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DetailsI'm totally blown away, Imagine a time capsule from 1975, with all the best comics artists doing original strips--packed away until now. Never published.This is it--comic strips created in the early 1970s by world-famous artists and writers such as C. C. Beck, René Goscinny, Harvey Kurtzman, Art Spiegelman, Frank Brunner, Gray Morrow, and Gahan Wilson. And written by Archie Goodwin, Steve Englehart and a ton of other creators. All original one and two page--oversized page--strips about the recently past 1960s of drugs, rebellion, music...What started out as a special insert for Rolling Stone took on a life—and mythology—of its own as writer/editor Michel Choquette traveled the world for three years, commissioning this visual chronicle of the 1960s, only to find himself without a publishing partner or the financial support to continue. Forty years later, readers finally get to experience this legendary anthology as Choquette celebrates the birth, death, and resurrection of The Someday Funnies—129 previously unpublished strips by 169 writers and artists--a who's who of international fame, from the creators of Asterix, of Barbarella, by Guido Crepax, Stan Goldberg and Dick Giordano, Trina Robbins, Wallace Wood...
This was publshed at the end of 2011, just as we (Bud Plant) were downsizing and publishing our last catalog for a year. It was totaly off my radar--we briefly handled it, at the rather stiff price of $55, but I never personally reviewed it. Until now, when it's turned up as a sale-priced bargain book.
And what a book, weighing in at five pounds and measuring an oversized 12" x 16", with a full page or even two pages by each creator. Jack Kirby writing about the sixties?? Wally Wood on the sexual revolution. Russ Heath on the Vietnam war. Barry Windsor Smith and Roy Thomas's Conan fights JEdgar and Pentigonn. Will Eisner tackles organized crime!
This is just so cool.
“In 1970, National Lampoon contributor Choquette was asked by Jann Wenner to edit a special comics insert for Rolling Stone that would allow prominent cartoonists and writers to survey the 1960s. That collection, “The Someday Funnies,” transformed over the next few years into a never-published book featuring the work of 169 writers and artists, and then—when Wenner pulled the plug—into the great lost project of comics history, an anthology of mainstream, underground, and European sensibilities existing only in Choquette's Montreal storage space."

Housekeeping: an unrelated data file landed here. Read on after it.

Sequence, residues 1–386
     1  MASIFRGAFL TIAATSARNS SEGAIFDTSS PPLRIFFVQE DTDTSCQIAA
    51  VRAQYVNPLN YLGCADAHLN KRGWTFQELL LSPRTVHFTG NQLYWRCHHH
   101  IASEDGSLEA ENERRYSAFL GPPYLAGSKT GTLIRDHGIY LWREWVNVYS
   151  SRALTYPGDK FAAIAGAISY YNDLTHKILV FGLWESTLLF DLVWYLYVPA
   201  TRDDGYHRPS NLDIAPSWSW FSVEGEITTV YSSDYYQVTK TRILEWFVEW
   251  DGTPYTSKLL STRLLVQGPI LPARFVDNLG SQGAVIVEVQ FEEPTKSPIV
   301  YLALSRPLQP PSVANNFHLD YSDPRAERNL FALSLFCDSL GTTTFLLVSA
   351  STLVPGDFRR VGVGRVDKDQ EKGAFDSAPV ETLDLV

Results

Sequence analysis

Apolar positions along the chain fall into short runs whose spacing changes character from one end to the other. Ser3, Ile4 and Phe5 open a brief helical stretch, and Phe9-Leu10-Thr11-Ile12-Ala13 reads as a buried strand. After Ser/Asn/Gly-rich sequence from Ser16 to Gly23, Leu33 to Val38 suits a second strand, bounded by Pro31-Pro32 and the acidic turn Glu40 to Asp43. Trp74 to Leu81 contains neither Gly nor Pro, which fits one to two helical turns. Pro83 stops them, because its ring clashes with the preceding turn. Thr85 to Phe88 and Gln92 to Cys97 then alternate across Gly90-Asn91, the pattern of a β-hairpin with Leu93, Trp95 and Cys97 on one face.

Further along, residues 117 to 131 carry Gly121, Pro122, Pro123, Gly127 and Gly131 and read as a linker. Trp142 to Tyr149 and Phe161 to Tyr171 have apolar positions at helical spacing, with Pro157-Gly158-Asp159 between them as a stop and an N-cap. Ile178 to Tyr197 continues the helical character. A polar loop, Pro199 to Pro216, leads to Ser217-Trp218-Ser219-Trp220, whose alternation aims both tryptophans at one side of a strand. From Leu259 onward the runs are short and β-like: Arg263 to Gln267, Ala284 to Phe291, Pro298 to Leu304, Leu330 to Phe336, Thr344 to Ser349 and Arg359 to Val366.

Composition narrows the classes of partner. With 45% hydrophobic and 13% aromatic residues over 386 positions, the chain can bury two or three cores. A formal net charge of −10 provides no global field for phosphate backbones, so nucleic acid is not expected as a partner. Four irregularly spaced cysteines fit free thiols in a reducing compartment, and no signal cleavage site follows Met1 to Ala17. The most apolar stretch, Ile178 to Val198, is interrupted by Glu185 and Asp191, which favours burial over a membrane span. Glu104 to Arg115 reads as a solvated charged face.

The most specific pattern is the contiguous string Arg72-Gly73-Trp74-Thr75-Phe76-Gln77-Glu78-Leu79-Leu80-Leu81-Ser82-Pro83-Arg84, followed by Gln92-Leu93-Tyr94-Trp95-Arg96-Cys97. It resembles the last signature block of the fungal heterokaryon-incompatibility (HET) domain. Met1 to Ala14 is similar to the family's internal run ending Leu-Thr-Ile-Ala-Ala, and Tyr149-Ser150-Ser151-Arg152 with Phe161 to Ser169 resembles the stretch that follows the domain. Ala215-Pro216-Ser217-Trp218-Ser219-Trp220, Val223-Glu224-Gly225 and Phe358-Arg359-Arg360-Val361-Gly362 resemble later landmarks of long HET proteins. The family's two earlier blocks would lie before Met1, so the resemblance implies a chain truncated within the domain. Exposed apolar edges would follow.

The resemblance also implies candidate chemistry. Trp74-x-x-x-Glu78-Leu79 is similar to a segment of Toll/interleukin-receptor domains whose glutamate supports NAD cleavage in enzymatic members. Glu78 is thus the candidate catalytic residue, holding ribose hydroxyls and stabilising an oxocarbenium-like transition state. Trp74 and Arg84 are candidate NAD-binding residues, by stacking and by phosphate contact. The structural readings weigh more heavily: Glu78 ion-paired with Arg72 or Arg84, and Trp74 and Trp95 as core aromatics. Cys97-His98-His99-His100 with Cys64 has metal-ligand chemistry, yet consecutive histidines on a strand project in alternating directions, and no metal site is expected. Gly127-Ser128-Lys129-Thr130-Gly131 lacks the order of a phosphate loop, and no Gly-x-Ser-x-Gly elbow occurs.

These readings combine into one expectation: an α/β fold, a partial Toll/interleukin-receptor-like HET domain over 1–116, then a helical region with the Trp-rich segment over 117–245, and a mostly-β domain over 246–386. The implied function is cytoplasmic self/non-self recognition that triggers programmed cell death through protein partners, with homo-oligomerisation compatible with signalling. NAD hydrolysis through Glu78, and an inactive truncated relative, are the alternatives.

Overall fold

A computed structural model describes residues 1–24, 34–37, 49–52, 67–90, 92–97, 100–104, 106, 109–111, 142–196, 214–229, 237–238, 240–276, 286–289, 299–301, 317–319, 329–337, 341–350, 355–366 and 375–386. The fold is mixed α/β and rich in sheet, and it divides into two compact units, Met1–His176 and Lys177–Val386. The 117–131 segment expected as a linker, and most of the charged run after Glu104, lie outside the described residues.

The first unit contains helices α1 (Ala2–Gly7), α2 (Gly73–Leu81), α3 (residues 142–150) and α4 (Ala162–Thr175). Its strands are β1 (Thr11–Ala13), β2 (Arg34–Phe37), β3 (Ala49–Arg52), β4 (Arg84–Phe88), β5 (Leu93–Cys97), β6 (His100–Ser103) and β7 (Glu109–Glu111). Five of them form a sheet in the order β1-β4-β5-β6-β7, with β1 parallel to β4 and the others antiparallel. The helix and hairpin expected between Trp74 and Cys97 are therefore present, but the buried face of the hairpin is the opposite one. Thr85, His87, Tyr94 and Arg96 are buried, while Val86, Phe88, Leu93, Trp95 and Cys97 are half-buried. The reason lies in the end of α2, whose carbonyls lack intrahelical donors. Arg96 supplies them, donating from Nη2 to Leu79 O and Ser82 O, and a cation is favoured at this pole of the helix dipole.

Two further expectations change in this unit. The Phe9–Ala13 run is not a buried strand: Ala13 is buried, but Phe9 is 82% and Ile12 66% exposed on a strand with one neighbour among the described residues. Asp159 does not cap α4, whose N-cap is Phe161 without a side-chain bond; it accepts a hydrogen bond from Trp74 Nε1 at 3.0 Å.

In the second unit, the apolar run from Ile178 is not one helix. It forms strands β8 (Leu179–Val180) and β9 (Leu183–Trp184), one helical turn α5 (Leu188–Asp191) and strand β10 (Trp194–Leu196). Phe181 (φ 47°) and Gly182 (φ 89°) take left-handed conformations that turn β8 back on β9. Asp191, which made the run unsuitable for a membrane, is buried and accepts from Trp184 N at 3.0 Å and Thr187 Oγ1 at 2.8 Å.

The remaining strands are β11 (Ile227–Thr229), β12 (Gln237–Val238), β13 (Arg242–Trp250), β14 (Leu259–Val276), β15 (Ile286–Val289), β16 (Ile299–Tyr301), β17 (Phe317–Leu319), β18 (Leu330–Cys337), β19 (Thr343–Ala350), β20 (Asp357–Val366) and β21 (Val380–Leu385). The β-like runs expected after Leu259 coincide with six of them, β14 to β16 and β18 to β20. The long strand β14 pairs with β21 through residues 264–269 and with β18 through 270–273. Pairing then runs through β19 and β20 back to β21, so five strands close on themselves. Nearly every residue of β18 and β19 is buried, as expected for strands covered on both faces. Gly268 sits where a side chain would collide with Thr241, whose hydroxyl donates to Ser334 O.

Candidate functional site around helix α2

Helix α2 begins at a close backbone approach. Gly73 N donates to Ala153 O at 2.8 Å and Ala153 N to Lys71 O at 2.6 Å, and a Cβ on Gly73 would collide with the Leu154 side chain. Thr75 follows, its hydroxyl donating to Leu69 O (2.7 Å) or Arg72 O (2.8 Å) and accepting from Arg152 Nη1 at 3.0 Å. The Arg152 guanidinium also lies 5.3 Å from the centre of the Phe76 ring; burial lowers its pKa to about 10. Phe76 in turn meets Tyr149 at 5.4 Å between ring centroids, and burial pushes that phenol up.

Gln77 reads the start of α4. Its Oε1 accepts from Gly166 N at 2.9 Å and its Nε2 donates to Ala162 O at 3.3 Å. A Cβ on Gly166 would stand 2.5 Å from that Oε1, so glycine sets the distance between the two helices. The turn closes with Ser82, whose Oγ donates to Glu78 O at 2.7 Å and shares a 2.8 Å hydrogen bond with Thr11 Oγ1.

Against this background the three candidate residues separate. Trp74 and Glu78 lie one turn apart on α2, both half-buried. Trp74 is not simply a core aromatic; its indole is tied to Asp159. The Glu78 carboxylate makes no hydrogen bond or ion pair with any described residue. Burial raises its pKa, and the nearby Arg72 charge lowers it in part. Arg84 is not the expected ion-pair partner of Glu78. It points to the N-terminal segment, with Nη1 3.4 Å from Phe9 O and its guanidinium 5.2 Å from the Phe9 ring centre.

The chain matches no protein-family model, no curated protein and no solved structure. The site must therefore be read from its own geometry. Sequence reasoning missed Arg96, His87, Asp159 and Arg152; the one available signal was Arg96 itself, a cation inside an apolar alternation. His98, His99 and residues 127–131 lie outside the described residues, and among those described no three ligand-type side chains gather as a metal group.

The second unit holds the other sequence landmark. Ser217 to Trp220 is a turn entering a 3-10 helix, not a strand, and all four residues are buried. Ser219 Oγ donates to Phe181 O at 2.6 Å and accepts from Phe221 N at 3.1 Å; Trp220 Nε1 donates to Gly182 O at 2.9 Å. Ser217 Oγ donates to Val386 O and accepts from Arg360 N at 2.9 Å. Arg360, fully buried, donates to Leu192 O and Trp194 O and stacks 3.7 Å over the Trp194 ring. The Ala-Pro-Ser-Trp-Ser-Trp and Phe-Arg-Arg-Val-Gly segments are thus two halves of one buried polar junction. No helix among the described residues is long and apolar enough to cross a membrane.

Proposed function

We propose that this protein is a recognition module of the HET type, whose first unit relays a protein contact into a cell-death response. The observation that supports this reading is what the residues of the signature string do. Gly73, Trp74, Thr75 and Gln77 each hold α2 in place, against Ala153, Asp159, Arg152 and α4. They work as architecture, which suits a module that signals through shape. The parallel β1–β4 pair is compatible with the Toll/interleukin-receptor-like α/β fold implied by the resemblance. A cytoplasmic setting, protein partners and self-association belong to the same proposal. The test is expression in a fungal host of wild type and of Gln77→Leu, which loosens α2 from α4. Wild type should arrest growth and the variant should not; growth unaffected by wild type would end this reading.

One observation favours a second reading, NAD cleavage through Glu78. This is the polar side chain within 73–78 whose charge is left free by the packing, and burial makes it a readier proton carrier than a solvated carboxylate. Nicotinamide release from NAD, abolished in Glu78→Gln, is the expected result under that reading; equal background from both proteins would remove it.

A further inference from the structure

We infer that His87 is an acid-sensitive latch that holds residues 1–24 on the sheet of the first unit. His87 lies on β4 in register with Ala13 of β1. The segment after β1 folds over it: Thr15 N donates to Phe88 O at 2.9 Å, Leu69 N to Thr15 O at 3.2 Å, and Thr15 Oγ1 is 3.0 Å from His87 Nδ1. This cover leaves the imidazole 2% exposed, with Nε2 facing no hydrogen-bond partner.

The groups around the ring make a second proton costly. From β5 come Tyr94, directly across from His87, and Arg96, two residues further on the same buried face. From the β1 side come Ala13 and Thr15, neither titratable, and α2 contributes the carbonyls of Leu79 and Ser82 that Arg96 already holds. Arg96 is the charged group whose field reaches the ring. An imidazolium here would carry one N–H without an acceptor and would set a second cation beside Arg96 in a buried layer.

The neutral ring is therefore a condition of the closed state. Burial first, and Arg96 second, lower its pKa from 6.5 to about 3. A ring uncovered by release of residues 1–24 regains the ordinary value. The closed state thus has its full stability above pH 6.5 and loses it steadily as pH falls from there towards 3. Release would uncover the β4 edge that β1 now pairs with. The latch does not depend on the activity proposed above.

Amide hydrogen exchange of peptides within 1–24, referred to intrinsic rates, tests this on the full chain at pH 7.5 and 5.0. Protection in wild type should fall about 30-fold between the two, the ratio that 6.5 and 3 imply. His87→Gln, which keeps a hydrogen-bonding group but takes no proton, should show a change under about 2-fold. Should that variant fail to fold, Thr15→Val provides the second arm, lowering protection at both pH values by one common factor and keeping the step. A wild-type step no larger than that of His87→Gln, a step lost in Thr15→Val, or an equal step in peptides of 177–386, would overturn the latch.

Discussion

"Thirty-one years later, it finally saw print--featuring work from even more luminaries like Joost Swarte, with comics written by Harlan Ellison and William S. Burroughs, and illustrations from such unlikely suspects as Tom Wolfe and Federico Fellini. What sticks with a reader now is the way the 60s had already begun to curdle in the memory even for those who had just lived them; more than one of these comics posits wild-eyed alternate histories of the 60s, including the book's kicker, a great Captain Marvel strip that ties the decade's woes to Billy Batson's mid-century silence...It's a priceless time capsule of comics history, presented handsomely by Abrams in the large tabloid size Choquette always envisioned." --Publishers Weekly, starred review
“[A] treasure trove of sixties cartooning finally hits print. . . . This graphic time capsule reveals that “the sixties” still define modern America's contradictory heart.”—Village Voice
Note: Copies may have slight bump.
|Condition||Note: Copies may have slight bump.|
|Adult Rating||Mature Readers|